The U.S. Patent and Trademark Office on Tuesday awarded Apple U.S. Patent No. 8,560,960 for "Browsing and interacting with open windows," which at first blush appears to be a modified solution that brings Cover Flow to the desktop. Deeper in the document, however, is language describing a fresh take on usability that implements a secondary mode of input more akin to controls used in an iOS device.
According to the patent's detailed description, a user can tilt the computer to present the three-dimensional desktop "with a raised view level, such that desktop items behind the browsable parade are revealed." This action not only allows for a more immersive interactive experience, but increases viewable desktop space and aids in navigating the UI.
While the current OS X desktop is already somewhat "3D," with drop shadows and other graphical tricks providing an illusion of depth, Tuesday's invention further pushes these established boundaries.
A conventional desktop displays two-dimensional windows and icons on a substantially flat background. Users interact with these on-screen items via a given mode on input, such as clicking on a window to make it active. This means the visible area for presenting windows, icons, and other UI elements is constrained by the size of a device's screen.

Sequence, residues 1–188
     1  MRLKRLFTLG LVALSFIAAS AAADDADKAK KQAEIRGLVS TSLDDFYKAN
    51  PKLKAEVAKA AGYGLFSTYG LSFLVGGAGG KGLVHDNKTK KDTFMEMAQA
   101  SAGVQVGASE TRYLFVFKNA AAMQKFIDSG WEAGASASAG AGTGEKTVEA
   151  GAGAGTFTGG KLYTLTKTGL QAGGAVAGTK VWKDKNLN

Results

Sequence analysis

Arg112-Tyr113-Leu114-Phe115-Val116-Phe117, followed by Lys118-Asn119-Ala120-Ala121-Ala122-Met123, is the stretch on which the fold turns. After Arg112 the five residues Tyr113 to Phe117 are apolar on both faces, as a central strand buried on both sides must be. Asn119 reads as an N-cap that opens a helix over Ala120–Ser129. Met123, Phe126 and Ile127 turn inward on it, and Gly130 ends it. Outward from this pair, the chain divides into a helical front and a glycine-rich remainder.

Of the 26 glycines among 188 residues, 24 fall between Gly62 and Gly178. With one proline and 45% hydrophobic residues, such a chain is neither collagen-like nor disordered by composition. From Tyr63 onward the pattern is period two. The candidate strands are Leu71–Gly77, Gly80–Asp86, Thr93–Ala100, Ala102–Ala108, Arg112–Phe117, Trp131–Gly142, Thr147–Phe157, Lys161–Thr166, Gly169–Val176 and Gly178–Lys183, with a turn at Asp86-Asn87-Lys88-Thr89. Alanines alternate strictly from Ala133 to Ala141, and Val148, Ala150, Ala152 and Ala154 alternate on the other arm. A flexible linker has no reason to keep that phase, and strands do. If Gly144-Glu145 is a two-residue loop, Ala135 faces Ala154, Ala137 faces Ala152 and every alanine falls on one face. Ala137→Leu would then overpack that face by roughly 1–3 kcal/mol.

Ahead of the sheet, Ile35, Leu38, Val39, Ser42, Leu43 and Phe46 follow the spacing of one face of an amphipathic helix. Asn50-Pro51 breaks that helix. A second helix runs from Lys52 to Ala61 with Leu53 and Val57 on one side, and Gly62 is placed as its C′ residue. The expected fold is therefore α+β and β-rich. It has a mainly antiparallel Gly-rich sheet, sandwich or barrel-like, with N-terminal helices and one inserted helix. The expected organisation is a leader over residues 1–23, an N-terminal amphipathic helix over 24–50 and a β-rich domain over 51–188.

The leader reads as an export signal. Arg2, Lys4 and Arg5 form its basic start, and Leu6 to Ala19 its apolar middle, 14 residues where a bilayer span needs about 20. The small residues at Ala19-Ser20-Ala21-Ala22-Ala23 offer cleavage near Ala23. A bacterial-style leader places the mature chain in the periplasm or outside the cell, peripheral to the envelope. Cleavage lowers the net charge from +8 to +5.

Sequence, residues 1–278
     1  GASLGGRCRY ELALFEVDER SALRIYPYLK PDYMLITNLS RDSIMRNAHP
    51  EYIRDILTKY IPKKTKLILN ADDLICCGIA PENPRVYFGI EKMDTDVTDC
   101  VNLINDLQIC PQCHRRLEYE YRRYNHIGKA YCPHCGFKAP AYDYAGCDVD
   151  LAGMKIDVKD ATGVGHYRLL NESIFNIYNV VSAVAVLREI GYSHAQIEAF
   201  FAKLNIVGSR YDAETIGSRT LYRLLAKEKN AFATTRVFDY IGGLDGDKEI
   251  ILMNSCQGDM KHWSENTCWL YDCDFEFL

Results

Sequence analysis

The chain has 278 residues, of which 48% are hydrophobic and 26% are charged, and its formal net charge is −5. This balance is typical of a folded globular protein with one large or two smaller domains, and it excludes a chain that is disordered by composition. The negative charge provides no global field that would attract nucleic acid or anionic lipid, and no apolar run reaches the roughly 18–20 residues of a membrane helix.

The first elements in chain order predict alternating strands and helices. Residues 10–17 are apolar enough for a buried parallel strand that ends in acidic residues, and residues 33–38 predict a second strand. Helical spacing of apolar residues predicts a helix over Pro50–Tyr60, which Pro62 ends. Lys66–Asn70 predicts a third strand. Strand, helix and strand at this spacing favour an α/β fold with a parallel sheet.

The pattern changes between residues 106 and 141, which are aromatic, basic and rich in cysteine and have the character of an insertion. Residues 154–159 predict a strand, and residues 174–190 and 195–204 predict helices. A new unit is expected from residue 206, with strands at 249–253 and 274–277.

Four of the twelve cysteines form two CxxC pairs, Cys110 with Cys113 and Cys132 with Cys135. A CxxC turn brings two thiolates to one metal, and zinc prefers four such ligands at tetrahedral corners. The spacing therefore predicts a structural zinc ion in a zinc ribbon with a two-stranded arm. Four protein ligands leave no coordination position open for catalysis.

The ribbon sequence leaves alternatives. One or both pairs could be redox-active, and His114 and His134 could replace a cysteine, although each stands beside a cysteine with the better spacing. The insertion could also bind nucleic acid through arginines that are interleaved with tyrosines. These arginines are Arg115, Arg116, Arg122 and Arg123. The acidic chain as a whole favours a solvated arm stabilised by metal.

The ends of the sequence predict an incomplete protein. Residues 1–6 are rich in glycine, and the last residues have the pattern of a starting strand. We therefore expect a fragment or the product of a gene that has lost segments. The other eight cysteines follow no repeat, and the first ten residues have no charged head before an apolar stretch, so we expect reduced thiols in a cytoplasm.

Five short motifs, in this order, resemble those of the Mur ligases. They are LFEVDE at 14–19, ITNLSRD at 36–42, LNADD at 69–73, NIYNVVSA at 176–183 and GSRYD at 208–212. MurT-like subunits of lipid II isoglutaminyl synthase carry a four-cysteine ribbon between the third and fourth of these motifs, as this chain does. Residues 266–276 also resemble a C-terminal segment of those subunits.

Illustration of two-dimensional desktop environment.
As noted in the patent, 3D desktops offer more perceived space with the introduction of a z-axis, but manipulating graphical assets within these environments has proven too complex for previously proposed systems. Apple itself experimented with such techniques in the past, though the technology has yet to be applied to OS X.
To work around the hurdles, the invention proposes an operating system that can seamlessly switch between two-dimensional and three-dimensional environments. In two-dimensions, a user can invoke the familiar expose mode to see all open windows in a tiled view. Alternatively, in a three-dimensional environment, a user can invoke a Cover Flow or "parade" viewing mode, browsable by flipping through active windows.
Illustration of three-dimensional desktop space.
When in 3D mode, the individual application windows act much like their current OS X counterparts. For example, when a window is made active, that application's menu bar is provided directly below the system menu bar. Further, when new windows are opened, the UI places the assets in a stack that can be reshuffled, resized or moved by the user.
Aside from the Cover Flow capabilities, Apple's invention uses two inputs to control the window parade. This is accomplished with conventional computer inputs, like a mouse and keyboard, working in concert with tilt controls. While not specifically explained in the patent, tilting of a device can be recognized by an accelerometer, gyroscope, camera or any other suitable on-board sensor. Alternatively, a tilt command can be invoked via a special key combination or gesture.
Illustration of tilted three-dimensional desktop with active windows.
By tilting the three-dimensional desktop space, users can view an entire group of open windows in the parade from a higher view point. Content previously obscured by an active top window is made viewable, allowing users to select another window without cycling through all open assets.
It is unclear if Apple will implement the Cover Flow window invention in a future version of OS X, but a similar technique uses iOS device sensors to create the "parallax effect" seen in iOS 7.
Apple's three-dimensional GUI patent was first filed for in 2010 and credits Thomas Goossens and Fabrice Robinet as its inventors.